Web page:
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VMware Carbon Black EDR Event Forwarder

Overview

The VMware Carbon Black EDR Event Forwarder is a standalone service which listens on the EDR enterprise bus and exports events (watchlist/feed hits, as well as raw endpoint events, if configured) in a normalized JSON or LEEF format. The events can be saved to a file, delivered to a network service or archived automatically to an Amazon AWS S3 bucket. These events can be consumed by any external system that accepts JSON or LEEF, including Splunk and IBM QRadar.

The list of events to collect is configurable. By default, Event Forwarder exports all feed and watchlist hits, alerts, binary notifications, and raw sensor events as JSON. You can find the configuration file for the connector at /etc/cb/integrations/event-forwarder/cb-event-forwarder.conf.

Starting with version 7.1.0 of EDR, you can use the EDR web console to configure and control Event Forwarder, as long as you follow the installation and configuration steps detailed below.

Support

  • View all API and integration offerings on the Developer Network along with reference documentation, video tutorials, and how-to guides.
  • Use the Developer Community Forum to discuss issues and get answers from other API developers in the VMware Carbon Black Community.
  • Report bugs and change requests to Carbon Black Support

Raw Sensor Events

We have seen a performance impact when exporting all raw sensor events onto the enterprise bus by setting "DatastoreBroadcastEventTypes=True" in the EDR configuration (more on this below). We do not recommend exporting all the events, and recommend that you configure -- at most -- only process and netconn events for broadcasting on the event bus.

Quickstart Guide

The cb-event-forwarder can be installed on any 64-bit Linux machine running CentOS 6.x. It can be installed on the same machine as the EDR server, or another machine. If you are forwarding a large volume of events to QRadar (for example, all file modifications and/or registry modifications), or are forwarding events from a EDR cluster, we recommend installing it on a separate machine. Otherwise, it is acceptable to install the cb-event-forwarder on the EDR server itself.

Installation

Standard RPM-based installation

To install and configure the cb-event-forwarder, perform these steps as "root" on your target Linux system. NOTE: if you plan to use the EDR console to configure and control cb-event-forwarder, then you MUST install it on the same system on which EDR is installed (in the case of a cluster installer, this means the primary node).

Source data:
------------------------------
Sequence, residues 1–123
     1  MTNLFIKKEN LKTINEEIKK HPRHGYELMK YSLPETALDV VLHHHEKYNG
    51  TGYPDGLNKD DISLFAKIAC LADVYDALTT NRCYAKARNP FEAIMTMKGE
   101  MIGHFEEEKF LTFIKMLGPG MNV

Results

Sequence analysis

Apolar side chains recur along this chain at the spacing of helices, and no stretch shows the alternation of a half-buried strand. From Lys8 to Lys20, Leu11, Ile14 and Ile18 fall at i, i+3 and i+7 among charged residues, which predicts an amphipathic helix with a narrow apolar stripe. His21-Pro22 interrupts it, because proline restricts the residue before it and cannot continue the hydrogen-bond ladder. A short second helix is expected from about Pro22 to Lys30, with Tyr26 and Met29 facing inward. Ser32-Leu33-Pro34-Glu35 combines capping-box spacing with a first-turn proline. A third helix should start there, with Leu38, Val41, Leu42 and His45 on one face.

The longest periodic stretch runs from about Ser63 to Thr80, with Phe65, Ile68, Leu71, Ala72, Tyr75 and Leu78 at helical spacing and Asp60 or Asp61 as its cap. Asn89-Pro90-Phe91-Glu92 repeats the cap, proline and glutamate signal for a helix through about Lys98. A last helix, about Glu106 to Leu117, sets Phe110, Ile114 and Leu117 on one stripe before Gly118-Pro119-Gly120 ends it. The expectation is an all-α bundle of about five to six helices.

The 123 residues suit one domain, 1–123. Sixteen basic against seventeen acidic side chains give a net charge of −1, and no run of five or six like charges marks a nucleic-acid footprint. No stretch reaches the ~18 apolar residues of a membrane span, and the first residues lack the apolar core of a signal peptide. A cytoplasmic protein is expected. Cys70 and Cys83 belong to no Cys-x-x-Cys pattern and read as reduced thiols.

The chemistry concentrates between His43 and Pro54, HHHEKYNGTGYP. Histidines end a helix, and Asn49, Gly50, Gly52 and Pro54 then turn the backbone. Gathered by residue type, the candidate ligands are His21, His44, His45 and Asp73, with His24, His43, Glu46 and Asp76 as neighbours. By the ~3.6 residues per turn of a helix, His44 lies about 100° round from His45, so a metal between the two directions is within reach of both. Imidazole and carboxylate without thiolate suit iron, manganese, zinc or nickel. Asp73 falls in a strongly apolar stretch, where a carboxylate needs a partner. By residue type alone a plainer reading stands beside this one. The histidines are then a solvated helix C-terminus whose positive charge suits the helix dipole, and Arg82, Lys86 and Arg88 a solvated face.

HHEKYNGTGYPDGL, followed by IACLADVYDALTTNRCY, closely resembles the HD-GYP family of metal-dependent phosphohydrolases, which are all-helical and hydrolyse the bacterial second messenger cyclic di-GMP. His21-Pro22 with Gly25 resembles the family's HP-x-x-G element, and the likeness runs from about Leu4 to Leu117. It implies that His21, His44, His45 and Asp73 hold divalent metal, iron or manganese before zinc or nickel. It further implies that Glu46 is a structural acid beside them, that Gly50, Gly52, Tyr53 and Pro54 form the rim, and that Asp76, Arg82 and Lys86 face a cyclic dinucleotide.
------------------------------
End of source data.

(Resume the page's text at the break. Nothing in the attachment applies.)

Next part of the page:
1. Install the CbOpenSource repository if it isn't already present:

    cd /etc/yum.repos.d
    curl -O https://opensource.carbonblack.com/release/x86_64/CbOpenSource.repo
    
  2. Install the RPM via YUM:

    yum install cb-event-forwarder
    
  3. If you are using EDR 7.1.0 or greater and wish to use the EDR console to configure and operate the Event Forwarder, run the following script to set the appropriate permissions needed by EDR:

    /usr/share/cb/integrations/event-forwarder/cb-edr-fix-permissions.sh
    

Installation for EDR in docker

EDR has been available as a Dockerized install since version 7.7.0. Event Forwarder versions prior to 3.8.2 do not work with Carbon Black EDR containerized servers. A new dockerized edition of Event Forwarder is now available as of EF 3.8.2 for use with Dockerized EDR. It can be installed with this procedure:

Procedure

  1. Retrieve the containerized version of Event Forwarder 3.8.4 with docker using this command:
    docker pull projects.registry.vmware.com/carbonblack/event-forwarder:3.8.4
  2. Retag the downloaded Event Forwarder image using this command:
    docker tag projects.registry.vmware.com/carbonblack/event-forwarder:3.8.4 projects.registry.vmware.com/carbonblack/event-forwarder:latest
  3. From the directory where the edr-docker script is installed, extract the yml file using this command:
    docker run --rm --entrypoint=/bin/cat projects.registry.vmware.com/carbonblack/event-forwarder:latest /compose.yml > event-forwarder.yml
  4. Set up Carbon Black EDR to control Event Forwarder. Edit data/config/cb.conf and add the following values:
    EventForwarderEnabled=True
    EventForwarderContainerAddress=carbonblack-event-forwarder
    EventForwarderContainerPort=5744
  5. Run the Event Forwarder docker container using this command:
    docker-compose -f event-forwarder.yml up -d

Results